Study: Less than 50 percent of a chicken nugget is actually "chicken"

Autopsy reveals little white meat and plenty of fat

Published October 7, 2013 1:08PM (EDT)

  (Tim UR/Shutterstock)
(Tim UR/Shutterstock)

"Chicken nuggets are mostly fat, and their name is a misnomer," concludes a small study published in the American Journal of Medicine.

Researchers in Jackson, Miss., performed an autopsy on chicken nuggets purchased from two unnamed national fast food chains. They randomly chose one from each box to preserve, dissect and stain, and then examine under a microscope. What they were looking for was muscle tissue -- the stuff we're generally referring to when we talk about eating chicken. What they found instead, according to Reuters, challenges our definition of edible:

The first nugget was about half muscle, with the rest a mix of fat, blood vessels and nerves. Close inspection revealed cells that line the skin and internal organs of the bird, the authors write in the American Journal of Medicine.

The second nugget was only 40 percent muscle, and the remainder was fat, cartilage and pieces of bone.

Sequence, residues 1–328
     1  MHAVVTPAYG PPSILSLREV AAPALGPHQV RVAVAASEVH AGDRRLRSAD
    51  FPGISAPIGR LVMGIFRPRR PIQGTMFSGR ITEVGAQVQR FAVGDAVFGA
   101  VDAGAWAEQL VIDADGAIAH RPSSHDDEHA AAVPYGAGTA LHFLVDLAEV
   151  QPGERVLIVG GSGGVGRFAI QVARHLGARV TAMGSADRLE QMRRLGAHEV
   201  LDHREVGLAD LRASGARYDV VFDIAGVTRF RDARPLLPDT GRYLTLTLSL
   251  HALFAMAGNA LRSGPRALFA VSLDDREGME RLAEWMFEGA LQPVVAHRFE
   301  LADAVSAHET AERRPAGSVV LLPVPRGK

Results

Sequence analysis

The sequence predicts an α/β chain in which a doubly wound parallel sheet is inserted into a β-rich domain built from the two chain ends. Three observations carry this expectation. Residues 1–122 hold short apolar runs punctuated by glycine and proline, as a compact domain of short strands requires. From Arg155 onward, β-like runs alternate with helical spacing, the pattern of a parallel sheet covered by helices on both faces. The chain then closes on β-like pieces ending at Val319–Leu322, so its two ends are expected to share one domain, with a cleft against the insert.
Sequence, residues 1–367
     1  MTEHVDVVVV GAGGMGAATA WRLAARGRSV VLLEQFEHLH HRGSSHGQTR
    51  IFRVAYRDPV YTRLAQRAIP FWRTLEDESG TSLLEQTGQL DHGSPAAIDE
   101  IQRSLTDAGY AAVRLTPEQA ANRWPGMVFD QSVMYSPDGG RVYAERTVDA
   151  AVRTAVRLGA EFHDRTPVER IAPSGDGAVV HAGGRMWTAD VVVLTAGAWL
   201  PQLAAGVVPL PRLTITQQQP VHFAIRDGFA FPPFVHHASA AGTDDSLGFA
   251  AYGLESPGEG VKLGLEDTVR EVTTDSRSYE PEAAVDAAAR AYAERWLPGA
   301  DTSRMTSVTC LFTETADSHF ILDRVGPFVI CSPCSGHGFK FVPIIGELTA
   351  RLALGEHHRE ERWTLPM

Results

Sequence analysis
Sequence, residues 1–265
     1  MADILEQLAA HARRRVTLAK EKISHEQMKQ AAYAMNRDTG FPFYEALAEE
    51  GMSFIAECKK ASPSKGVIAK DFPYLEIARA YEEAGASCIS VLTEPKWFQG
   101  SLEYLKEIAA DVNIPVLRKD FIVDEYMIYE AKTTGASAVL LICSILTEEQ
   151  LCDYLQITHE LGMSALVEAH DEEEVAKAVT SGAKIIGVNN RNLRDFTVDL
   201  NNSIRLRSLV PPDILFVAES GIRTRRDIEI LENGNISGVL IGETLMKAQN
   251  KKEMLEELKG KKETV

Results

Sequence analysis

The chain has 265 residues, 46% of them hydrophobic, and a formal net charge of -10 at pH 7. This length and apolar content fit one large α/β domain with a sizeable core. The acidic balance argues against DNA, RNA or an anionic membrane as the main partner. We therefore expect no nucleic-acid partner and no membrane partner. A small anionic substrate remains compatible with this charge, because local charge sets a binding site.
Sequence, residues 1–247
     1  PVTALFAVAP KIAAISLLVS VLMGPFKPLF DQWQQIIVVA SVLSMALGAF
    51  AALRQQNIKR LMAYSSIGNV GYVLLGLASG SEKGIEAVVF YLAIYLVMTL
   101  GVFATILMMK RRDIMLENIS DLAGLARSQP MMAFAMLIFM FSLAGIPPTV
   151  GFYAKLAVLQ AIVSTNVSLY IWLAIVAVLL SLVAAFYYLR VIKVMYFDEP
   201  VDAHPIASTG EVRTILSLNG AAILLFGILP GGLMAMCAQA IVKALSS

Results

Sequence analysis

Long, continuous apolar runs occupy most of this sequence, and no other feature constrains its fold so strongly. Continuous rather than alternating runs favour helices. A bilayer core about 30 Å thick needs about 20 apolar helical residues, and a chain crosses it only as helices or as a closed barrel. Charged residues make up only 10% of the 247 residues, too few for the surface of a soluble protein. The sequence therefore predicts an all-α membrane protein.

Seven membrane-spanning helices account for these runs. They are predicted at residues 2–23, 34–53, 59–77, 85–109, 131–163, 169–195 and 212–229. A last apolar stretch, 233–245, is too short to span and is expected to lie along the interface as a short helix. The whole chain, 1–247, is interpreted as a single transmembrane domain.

What the chains call chicken, Richard D. deShazo, the study's lead author, explained to Reuters, is actually an artificial byproduct of chicken parts high in calories, salt, sugar and fat. "Even worse," he said, "it tastes great."

The researchers admit that this doesn't quite count as an exposé. Most of us have figured out by now that fast food meat is kind of gross. As a representative of the National Chicken Council said, "It's no secret what is in a chicken nugget -- most quick service restaurants have nutritional information posted in the store or on their website." But that information isn't as much of a deterrent as it perhaps logically should be. The real question the researchers seem to be raising is: If we know all this, why do we keep eating it?

By Lindsay Abrams

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Chicken Fast Food Meat Processed Food